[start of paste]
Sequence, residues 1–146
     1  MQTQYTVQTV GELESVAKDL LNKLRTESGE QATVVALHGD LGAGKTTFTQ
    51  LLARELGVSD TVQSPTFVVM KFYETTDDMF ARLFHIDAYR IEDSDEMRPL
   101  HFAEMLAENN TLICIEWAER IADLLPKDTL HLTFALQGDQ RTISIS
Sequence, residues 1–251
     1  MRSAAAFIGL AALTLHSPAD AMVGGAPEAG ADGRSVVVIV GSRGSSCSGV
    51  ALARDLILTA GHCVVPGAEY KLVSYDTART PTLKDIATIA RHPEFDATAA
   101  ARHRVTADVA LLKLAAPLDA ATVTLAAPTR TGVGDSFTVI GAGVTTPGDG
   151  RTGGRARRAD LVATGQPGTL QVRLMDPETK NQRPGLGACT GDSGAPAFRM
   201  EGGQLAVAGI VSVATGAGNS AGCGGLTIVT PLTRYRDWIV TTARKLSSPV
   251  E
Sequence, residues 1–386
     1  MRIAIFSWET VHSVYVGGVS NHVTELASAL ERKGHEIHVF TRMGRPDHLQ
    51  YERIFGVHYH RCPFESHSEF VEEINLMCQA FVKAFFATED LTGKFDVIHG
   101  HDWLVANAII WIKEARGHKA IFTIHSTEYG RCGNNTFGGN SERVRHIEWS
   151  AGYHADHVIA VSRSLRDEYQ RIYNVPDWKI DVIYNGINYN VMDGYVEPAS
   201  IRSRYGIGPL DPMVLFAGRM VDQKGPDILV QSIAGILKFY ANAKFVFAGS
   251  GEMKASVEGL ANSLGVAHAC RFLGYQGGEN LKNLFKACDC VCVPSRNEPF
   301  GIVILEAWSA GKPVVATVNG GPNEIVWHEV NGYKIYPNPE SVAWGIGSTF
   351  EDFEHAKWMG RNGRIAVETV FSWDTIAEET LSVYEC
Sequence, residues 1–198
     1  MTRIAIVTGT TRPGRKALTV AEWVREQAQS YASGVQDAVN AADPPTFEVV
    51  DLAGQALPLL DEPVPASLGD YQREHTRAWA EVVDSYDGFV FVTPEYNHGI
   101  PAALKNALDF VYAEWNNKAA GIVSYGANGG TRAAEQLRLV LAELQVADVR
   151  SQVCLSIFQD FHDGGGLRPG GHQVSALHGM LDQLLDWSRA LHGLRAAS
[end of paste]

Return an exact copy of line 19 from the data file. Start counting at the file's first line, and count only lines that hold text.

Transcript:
   301  GIVILEAWSA GKPVVATVNG GPNEIVWHEV NGYKIYPNPE SVAWGIGSTF